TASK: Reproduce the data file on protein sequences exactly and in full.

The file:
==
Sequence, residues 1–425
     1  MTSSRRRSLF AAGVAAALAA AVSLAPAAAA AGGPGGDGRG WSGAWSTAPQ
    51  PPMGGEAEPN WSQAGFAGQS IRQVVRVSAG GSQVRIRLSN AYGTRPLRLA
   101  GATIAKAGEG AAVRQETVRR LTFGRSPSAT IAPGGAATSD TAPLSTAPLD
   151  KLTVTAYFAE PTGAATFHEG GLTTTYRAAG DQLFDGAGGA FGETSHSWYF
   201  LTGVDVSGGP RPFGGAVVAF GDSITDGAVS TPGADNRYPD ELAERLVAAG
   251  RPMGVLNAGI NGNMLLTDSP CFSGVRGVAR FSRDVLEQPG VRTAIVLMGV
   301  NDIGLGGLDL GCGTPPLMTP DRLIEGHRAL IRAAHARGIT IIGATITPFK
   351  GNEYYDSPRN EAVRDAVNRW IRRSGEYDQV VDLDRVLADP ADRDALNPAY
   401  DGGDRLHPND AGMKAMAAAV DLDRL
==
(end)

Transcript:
Sequence, residues 1–425
     1  MTSSRRRSLF AAGVAAALAA AVSLAPAAAA AGGPGGDGRG WSGAWSTAPQ
    51  PPMGGEAEPN WSQAGFAGQS IRQVVRVSAG GSQVRIRLSN AYGTRPLRLA
   101  GATIAKAGEG AAVRQETVRR LTFGRSPSAT IAPGGAATSD TAPLSTAPLD
   151  KLTVTAYFAE PTGAATFHEG GLTTTYRAAG DQLFDGAGGA FGETSHSWYF
   201  LTGVDVSGGP RPFGGAVVAF GDSITDGAVS TPGADNRYPD ELAERLVAAG
   251  RPMGVLNAGI NGNMLLTDSP CFSGVRGVAR FSRDVLEQPG VRTAIVLMGV
   301  NDIGLGGLDL GCGTPPLMTP DRLIEGHRAL IRAAHARGIT IIGATITPFK
   351  GNEYYDSPRN EAVRDAVNRW IRRSGEYDQV VDLDRVLADP ADRDALNPAY
   401  DGGDRLHPND AGMKAMAAAV DLDRL